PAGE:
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Japan to Kickstart Semiconductor Comeback with Massive Subsidies

Given the vital role of semiconductor technology and the escalating geopolitical tensions involving Taiwan, local production has never been more critical.



Japan is experiencing a growing movement to strengthen its domestic semiconductor production. Due to its extensive utilization in various electronic devices, semiconductors were once called the "rice of industry" in Japan. 

The significance of bolstering local production has escalated amid trade tensions between the United States and China, as well as concerns over economic security. The Japanese government is even providing subsidies for domestic chipmaking. Now, a crucial question arises: Can Japan's semiconductor industry, which was once a dominant force and global market leader, stage a comeback?

Kickstarting Japan's Comeback

Aiming to achieve domestic production of next-generation semiconductors, Rapidus Corporation was established in 2022 with investments from eight Japanese companies. The company plans to commence mass production of cutting-edge logic semiconductors with a circuit linewidth of two nanometers by 2027. Capital investments and other initiatives amounting to ¥5 trillion JPY ($35.6 billion USD) have been allocated for the next decade, including the construction of a factory in Chitose, Hokkaido, scheduled.

The government has already announced a support package of ¥330 billion JPY ($2.4 billion USD) for Rapidus Corporation. The Minister of Economy, Trade and Industry Yasutoshi Nishimura has also expressed intentions to provide necessary support in the future as well.

Hokkaido Governor Naomichi Suzuki (right) inspects the industrial park where Rapidus plans to construct a factory in Chitose, Hokkaido in March. (© Kyodo)

Additionally, Taiwan Semiconductor Manufacturing Company (TSMC), one of the world's leading contract manufacturers, is venturing into the Japanese market. They are in the process of constructing a factory in Kikuyo, Kumamoto Prefecture, with plans to begin production of logic semiconductors by 2024. The government has committed to providing up to ¥476 billion JPY ($3.4 billion USD) in support for this endeavor.

Meanwhile, major semiconductor company Renesas Electronics Corporation will resume production at its Kofu plant in Yamanashi Prefecture in 2024. In addition, KIOXIA Holdings Corporation, which specializes in flash memory, built a new facility at its factory in Yokkaichi, Mie Prefecture in October 2022.

Supply Chain Security Concerns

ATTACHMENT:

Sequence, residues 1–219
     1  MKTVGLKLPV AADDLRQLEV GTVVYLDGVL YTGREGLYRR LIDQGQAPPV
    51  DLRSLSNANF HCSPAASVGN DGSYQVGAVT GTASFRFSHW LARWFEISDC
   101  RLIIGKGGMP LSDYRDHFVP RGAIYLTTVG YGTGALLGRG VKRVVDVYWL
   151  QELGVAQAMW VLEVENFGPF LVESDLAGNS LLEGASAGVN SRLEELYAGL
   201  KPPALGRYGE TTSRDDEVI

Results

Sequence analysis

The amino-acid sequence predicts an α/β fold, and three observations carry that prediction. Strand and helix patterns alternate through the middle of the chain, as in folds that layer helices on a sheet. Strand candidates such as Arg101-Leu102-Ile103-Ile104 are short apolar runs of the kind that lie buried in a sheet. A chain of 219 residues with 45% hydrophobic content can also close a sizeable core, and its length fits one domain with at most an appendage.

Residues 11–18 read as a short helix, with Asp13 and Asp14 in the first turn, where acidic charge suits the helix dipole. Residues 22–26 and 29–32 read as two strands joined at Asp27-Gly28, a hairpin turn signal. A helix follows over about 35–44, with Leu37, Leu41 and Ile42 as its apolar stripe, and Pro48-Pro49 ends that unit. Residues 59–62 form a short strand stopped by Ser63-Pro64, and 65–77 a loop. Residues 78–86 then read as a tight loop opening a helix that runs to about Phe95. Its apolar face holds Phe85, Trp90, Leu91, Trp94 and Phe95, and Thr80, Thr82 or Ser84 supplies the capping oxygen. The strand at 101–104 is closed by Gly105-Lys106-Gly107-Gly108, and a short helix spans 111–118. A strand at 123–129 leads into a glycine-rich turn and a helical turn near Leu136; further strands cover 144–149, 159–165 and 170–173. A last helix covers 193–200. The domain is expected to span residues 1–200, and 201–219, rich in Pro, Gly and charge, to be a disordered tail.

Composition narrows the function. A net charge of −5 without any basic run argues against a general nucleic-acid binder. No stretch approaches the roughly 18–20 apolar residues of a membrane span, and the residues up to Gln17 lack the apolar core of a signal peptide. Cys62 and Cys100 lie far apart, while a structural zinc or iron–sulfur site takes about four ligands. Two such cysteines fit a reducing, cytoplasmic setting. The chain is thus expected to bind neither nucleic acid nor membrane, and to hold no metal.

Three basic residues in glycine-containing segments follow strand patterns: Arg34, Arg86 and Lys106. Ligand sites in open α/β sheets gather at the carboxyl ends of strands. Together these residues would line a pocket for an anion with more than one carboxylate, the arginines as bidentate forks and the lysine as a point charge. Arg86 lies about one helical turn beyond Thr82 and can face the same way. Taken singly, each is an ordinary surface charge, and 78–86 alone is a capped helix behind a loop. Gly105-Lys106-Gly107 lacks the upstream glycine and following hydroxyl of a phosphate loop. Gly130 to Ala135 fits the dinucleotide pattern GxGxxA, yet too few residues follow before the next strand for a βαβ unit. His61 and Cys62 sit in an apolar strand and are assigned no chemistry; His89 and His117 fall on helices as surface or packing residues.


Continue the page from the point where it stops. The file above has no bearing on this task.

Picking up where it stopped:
Japanese companies once held a dominant position in the global semiconductor market, capturing over 50% market share in the late 1980s. But their current share has dwindled to around 10%. Although certain segments maintain competitiveness, such as power semiconductors for power control, Japan now heavily relies on imports, primarily from Taiwan.

However, the escalating trade frictions between the US and China, coupled with concerns about a potential Taiwan contingency, pose risks of disruptions in semiconductor supply. Consequently, securing domestic production facilities has become critical for Japan. And the government is fully committed to providing comprehensive support for this pursuit.

Simultaneously, the competition to attract skilled professionals involved in advanced semiconductor production has intensified worldwide. As talent acquisition becomes a major challenge,  Japan is making efforts to address this issue through collaboration between industry, academia, and government. 

Chairman Tetsuro Higashi of Rapidus, a new company aiming for domestic production of next-generation semiconductors, Tokyo, April 27. (© Sankei by Hideo Iida)

In conjunction with Rapidus Corporation's factory construction, the Hokkaido Bureau of Economy, Trade and Industry plans to establish a dedicated council in June. This council, composed of local universities, the business community, and other stakeholders, aims to discuss strategies for talent acquisition and industry revitalization.

Japan's position in the global semiconductor industry has faced criticism for being "outdated" at times. Rapidus Chairman Tetsuro Higashi expressed his determination, stating, "We are actively working to make a significant comeback and overcome Japan's current setback. We believe this is our last chance to reclaim our position."



(Read the article in Japanese.)

Author: Nobuhiro Imanaka

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